So, how did the Buddha develop pasada? He saw a renunciate. This aroused enough confidence and valor in him to find his way out. You need to see an inspiring example. Maybe we need more inspiring examples. Maybe you need to become a more inspiring example so that this is possible for others. (And then you will reap the fruit of that good karma in a later life where you will find inspiring examples that help you develop pasada, if you believe it or not. :tongue: )

What do rebirth and suicide have to do with it? I am not quite sure.
Suicide is horrible and vile. The only way to really see it as a viable escape is from an overrationalized point of view based on very dull and unreflected assumptions but your intuition is concerned with the truth more than your "logical thinking" and will recognize any pursuit in this direction as insincere. At least that's my experience.

Pasada is an intuitional thing. Don't look for it intellectually.
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Re: How to cultivate pasada if you *don't* believe in rebirth?

Postby David2 » Mon Feb 20, 2012 8:28 pm

1st remedy: sila
2nd remedy: samadhi
3rd remedy: pañña

that doesn't rely on believing in rebirth and or being a skilled meditator?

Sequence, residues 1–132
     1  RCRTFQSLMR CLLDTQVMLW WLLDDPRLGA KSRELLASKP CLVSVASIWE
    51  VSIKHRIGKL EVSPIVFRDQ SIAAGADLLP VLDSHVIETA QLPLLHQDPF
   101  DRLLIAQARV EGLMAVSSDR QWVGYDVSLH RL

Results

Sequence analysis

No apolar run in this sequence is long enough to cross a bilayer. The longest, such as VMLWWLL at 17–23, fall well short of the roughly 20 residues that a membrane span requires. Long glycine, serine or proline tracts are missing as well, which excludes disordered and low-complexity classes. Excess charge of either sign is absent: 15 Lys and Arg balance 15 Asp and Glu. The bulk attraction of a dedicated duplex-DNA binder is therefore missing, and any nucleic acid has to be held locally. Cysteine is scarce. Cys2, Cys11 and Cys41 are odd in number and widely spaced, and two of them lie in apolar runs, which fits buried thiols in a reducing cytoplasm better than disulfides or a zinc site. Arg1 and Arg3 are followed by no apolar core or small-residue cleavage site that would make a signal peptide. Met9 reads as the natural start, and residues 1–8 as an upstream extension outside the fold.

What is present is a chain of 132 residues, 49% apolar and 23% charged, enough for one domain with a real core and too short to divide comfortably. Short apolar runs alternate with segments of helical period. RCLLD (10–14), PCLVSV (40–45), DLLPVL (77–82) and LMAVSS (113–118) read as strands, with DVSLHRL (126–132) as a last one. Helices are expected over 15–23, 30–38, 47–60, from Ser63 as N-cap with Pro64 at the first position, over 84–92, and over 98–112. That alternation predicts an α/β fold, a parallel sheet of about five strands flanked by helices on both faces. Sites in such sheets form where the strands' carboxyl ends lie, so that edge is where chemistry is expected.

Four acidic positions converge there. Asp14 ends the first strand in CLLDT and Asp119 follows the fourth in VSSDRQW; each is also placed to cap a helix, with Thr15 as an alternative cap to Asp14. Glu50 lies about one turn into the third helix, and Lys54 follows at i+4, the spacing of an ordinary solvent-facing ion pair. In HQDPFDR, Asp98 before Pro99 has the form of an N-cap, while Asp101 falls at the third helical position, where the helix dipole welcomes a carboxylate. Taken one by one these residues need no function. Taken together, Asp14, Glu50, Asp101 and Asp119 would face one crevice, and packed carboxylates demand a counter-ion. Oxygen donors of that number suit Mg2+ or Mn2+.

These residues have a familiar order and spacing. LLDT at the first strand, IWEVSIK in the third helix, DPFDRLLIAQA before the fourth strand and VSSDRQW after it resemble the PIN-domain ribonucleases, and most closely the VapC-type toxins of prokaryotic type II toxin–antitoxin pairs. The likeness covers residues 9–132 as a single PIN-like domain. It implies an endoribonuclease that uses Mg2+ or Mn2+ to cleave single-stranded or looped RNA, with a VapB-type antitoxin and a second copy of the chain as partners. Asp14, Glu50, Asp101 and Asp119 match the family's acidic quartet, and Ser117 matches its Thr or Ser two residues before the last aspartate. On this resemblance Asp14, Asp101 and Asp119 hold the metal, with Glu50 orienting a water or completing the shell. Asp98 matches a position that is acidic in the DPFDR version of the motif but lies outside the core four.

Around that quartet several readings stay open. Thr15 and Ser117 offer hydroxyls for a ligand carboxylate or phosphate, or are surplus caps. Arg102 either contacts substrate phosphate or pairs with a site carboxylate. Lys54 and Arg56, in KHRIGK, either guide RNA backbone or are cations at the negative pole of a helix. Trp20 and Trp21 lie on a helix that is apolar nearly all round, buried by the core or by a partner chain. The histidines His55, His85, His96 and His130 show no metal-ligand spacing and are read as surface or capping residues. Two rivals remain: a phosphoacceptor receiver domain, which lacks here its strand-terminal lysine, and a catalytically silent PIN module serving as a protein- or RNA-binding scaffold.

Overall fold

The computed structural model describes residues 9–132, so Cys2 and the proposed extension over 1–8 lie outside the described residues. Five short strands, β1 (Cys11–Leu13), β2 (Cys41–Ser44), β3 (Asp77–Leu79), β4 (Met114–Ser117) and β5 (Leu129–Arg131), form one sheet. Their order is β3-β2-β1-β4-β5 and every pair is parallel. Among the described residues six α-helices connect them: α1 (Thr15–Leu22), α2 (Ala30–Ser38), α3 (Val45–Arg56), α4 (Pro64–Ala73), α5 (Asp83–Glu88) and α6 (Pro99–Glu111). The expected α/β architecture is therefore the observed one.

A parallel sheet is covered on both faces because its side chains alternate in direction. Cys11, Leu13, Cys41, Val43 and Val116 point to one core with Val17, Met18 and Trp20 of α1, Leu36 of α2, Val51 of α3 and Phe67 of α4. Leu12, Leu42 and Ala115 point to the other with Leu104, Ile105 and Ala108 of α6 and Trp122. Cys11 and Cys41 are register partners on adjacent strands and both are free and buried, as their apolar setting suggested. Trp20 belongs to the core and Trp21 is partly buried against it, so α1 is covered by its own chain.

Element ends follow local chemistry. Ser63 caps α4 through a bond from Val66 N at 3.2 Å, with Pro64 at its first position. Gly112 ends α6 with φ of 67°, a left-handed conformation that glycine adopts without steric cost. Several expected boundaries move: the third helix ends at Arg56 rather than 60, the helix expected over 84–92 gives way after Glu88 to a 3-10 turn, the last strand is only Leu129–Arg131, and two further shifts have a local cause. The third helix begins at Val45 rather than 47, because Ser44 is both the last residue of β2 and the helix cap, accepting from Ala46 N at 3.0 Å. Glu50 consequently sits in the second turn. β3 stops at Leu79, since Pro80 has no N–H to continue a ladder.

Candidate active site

You don't have to be skilled to practice sila, samadhi and pañña. Nobody is skilled before he has practiced a lot.
Skill comes automatically with more practice. No reason to worry about skill.
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Re: How to cultivate pasada if you *don't* believe in rebirth?

Postby Zom » Mon Feb 20, 2012 8:42 pm

"Because there actually is the next world, the view of one who thinks, 'There is no next world' is his wrong view. Because there actually is the next world, when he is resolved that 'There is no next world,' that is his wrong resolve. Because there actually is the next world, when he speaks the statement, 'There is no next world,' that is his wrong speech. Because there actually is the next world, when he is says that 'There is no next world,' he makes himself an opponent to those arahants who know the next world. Because there actually is the next world, when he persuades another that 'There is no next world,' that is persuasion in what is not true Dhamma. And in that persuasion in what is not true Dhamma, he exalts himself and disparages others. Whatever good habituation he previously had is abandoned, while bad habituation is manifested. And this wrong view, wrong resolve, wrong speech, opposition to the arahants, persuasion in what is not true Dhamma, exaltation of self, & disparagement of others: These many evil, unskillful activities come into play, in dependence on wrong view.